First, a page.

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Immigrants’ rights in poor health: resisting cutbacks in Spain




The apparent willingness of some governments to overlook human rights concerns in the drive to implement fresh waves of austerity measures has become painfully apparent in certain European countries. Nowhere is this disturbing trend more explicit than in Spain, where some 150,000 immigrants have lost their right to public health services under the latest cost-cutting measures implemented by the country’s ruling administration.

With the implementation of Decree 16/2012, which came into effect on September 1, the Spanish government has ruled that those immigrants who do not hold proper residence permits will be denied access to health care. The move, which has been widely decried by both medical professionals and social justice activists, flies in the face of recommendations made by the United Nations Committee on Economic, Social and Cultural Rights (CESCR) just a few months ago. When Spain appeared before the Committee in May this year, it was called upon to ensure all persons residing in its territory be provided access to healthcare services regardless of their administrative status.

A joint civil society report coordinated by CESR earlier this year, in advance of Spain’s appearance in Geneva, predicted that the most vulnerable sectors of the population would be worst affected by the repeated waves of austerity measures. The alliance of NGOs which was created to produce that report continues to challenge the unjust and unnecessary reforms, however. Indeed CESR and its allies are now collaborating on a new initiative, this time being led by Medicos del Mundo, to protect the right to health of immigrants and other vulnerable groups in the country.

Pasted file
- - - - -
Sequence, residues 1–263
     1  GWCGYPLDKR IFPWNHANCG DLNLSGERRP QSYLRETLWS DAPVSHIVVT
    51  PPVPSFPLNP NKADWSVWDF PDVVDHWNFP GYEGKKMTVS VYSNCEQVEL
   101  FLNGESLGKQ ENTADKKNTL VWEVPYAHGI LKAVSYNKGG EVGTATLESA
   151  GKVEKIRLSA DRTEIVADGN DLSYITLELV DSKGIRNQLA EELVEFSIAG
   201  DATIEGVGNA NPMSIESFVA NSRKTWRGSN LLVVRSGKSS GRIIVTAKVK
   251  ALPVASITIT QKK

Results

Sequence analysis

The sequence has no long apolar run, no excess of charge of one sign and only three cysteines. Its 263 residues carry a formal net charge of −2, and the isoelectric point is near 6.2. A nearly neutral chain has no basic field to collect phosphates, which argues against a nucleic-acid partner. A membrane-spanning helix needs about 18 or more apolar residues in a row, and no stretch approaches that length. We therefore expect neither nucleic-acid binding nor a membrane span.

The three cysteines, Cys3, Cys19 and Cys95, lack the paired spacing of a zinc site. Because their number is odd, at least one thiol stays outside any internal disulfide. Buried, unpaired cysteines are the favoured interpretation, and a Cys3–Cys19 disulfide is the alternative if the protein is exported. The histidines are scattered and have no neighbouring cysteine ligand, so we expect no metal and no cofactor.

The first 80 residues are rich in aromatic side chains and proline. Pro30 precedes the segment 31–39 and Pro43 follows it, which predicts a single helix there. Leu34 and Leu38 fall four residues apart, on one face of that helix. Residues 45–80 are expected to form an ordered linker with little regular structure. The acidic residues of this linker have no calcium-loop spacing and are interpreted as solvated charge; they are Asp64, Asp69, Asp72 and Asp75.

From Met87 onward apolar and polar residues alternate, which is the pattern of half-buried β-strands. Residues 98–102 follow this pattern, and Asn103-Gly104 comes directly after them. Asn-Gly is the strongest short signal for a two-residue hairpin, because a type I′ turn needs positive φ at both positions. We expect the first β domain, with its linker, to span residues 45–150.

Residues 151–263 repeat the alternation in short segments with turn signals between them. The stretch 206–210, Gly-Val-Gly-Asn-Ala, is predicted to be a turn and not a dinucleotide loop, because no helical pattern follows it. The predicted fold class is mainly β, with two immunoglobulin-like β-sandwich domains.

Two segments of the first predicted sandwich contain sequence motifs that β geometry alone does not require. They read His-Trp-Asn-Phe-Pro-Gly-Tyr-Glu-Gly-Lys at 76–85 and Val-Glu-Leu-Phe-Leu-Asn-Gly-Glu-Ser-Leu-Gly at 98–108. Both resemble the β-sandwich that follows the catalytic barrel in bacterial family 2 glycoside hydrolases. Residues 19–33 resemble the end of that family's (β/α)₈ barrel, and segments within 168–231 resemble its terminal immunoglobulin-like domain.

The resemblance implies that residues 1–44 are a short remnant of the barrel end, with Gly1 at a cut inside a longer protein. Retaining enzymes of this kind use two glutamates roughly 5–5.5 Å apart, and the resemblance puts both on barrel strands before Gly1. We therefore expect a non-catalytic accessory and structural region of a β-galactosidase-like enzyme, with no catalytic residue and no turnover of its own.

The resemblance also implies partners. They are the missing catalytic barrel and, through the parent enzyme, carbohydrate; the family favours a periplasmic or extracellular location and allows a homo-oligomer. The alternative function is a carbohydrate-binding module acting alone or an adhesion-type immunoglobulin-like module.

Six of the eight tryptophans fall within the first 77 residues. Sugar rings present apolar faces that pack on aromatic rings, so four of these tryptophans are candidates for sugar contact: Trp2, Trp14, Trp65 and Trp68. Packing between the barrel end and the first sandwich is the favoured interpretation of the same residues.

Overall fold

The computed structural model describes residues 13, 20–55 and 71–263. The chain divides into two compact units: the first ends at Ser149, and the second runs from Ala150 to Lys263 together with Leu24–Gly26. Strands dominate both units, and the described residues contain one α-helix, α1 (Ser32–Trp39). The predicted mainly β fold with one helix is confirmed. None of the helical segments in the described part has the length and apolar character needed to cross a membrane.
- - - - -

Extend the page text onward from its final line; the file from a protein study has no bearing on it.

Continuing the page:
The ‘Derecho a Curar’ (right to treat) campaign aims to mobilize both the public and health care sector itself in opposition to the unjust exclusion of immigrants from health care services.  It builds upon the Spanish Family and Community Medicine Society’s previous initiative bringing together professionals in the sector who are determined to resist the measures. And it is not only medical workers and social justice groups that are pushing back against the reforms, as six of Spain’s 17 regional governments have declared that they will keep providing healthcare on a universal basis.

Access to health services without discrimination for all people is a human right codified in national and international law. The World Medical Association’s Lisbon Declaration affirms that “whenever legislation, government action or any other administration or institution denies patients these rights, physicians should pursue appropriate means to assure or to restore them”. With resistance to Spain’s regressive healthcare reform growing fast, it would appear that much of Spanish society share’s the WMA’s worthy sentiments.